Saturday, February 9, 2013

Idle No More: No Peace, No Justice

Around the world, the rallying cry of radicals -- genuinely righteous and merely self-righteous alike -- has often been thus: "no justice, no peace." Meaning that until they right an injustice -- actual, perceived, or even invented -- they will not stop fighting.

But what happens when their fighting disrupts efforts to right ongoing injustices, and solve ongoing problems? Then we clearly have the opposite: without peace, we cannot attain justice. It has come to pass that this is what it has come to with Idle No More.

Yesterday, Idle No More protesters attempted to barge into a meeting in Saskatoon between the federal government and local First Nations Chiefs. The bizarre insistence of the protesters was that the Chiefs weren't actually being consulted on  The bill includes a plan to create regional aboriginal school boards, and gathering individual band schools into those boards. The bill would give First Nations bands the same control over their schools as non-aboriginal communities already have. The bill has already proven controversial, but the government and First Nations are working on it. Or at least they're attempting to.

Apparently Idle No More won't allow that to happen.

This isn't the first time Idle No More has set out to disrupt meetings between First Nations Chiefs and the federal government. When AFN National Chief Shawn Atleo met with the Prime Minister, Idle No More darling and fake hunger striker Chief Theresa Spence -- under whom the proverbial home ice was already thinning at the time -- texted a demoralizing message to his Blackberry. The punchline was that Chief Spence herself had demanded such a meeting as a condition of ending her fake hunger strike. She did not end her hunger strike, which was fair enough I suppose as she never really began a hunger strike in the first place. Of course she didn't stop telling people she was hunger-striking when she really wasn't, so perhaps it wasn't fair enough after all.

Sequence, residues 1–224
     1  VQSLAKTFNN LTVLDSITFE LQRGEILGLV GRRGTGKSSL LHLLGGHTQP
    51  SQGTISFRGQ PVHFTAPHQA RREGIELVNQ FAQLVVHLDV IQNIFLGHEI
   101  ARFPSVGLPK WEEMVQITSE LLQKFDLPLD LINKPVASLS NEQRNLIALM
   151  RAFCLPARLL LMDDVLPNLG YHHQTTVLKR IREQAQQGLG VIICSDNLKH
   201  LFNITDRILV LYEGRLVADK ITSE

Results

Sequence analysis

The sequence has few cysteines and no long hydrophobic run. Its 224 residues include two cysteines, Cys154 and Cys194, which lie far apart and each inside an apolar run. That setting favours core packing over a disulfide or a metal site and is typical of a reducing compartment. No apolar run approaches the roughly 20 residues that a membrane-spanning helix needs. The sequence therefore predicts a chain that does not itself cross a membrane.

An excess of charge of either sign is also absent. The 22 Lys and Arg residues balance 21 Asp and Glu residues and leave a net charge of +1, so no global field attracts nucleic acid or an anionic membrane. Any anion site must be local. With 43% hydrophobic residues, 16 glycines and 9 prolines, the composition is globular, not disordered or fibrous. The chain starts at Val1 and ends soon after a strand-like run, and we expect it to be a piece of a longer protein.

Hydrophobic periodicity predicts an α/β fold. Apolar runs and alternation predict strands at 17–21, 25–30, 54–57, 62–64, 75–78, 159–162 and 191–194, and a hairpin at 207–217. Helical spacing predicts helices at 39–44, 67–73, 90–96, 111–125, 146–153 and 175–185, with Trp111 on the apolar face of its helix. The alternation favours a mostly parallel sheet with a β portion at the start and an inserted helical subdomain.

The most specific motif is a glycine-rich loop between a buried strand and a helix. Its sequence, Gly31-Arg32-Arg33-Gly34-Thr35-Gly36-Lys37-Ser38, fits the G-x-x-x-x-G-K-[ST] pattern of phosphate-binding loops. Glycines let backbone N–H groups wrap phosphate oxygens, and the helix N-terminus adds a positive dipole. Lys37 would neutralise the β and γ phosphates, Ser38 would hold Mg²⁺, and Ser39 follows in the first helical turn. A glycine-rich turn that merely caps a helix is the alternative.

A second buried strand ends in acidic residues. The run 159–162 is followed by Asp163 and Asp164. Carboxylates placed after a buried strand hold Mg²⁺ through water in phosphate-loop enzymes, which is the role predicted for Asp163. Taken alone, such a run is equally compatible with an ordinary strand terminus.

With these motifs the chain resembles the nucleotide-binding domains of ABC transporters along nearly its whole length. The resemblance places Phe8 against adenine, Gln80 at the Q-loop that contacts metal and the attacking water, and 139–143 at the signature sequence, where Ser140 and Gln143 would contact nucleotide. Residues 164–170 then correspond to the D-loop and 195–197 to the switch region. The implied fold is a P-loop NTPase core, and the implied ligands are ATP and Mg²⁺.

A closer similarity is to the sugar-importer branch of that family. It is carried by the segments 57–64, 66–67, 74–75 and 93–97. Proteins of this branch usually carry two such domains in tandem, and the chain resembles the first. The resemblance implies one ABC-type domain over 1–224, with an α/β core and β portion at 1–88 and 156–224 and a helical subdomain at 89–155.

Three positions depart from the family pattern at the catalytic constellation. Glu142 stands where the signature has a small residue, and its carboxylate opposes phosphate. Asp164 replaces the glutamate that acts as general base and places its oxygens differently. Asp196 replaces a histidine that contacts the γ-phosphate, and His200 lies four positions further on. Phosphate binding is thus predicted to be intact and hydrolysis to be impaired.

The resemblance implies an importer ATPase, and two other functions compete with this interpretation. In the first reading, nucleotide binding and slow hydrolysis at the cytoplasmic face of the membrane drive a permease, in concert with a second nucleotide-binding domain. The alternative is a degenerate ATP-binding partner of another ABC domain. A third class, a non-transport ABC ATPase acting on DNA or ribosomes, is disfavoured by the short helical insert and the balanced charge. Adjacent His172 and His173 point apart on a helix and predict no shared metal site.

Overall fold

Moving on.

It's at times like this that it's worth remembering that Idle No More is as much a conflict between aboriginal radicals and the federal government as it is a conflict between aboriginal protesters and their elected leaders. Remember that even in the wake of a crushing defeat at the hands of Atleo, Idle No More "braintrust" Pam Palmater declared that her movement -- a movement that has very much harnessed Idle No More as a means of advancing their agenda -- wouldn't rest until it has had its way.

It's become increasingly clear that Idle No More is now doing Palmater's heavy lifting, working very, very hard to undermine the elected leaders of First Nations bands in Canada. Working very, very hard to ensure there can be no peace between First Nations and the federal government. And without that peace, the problems that must be solved for there to be lasting justice cannot be solved.

Which, it seems, is precisely how Idle No More prefers it.

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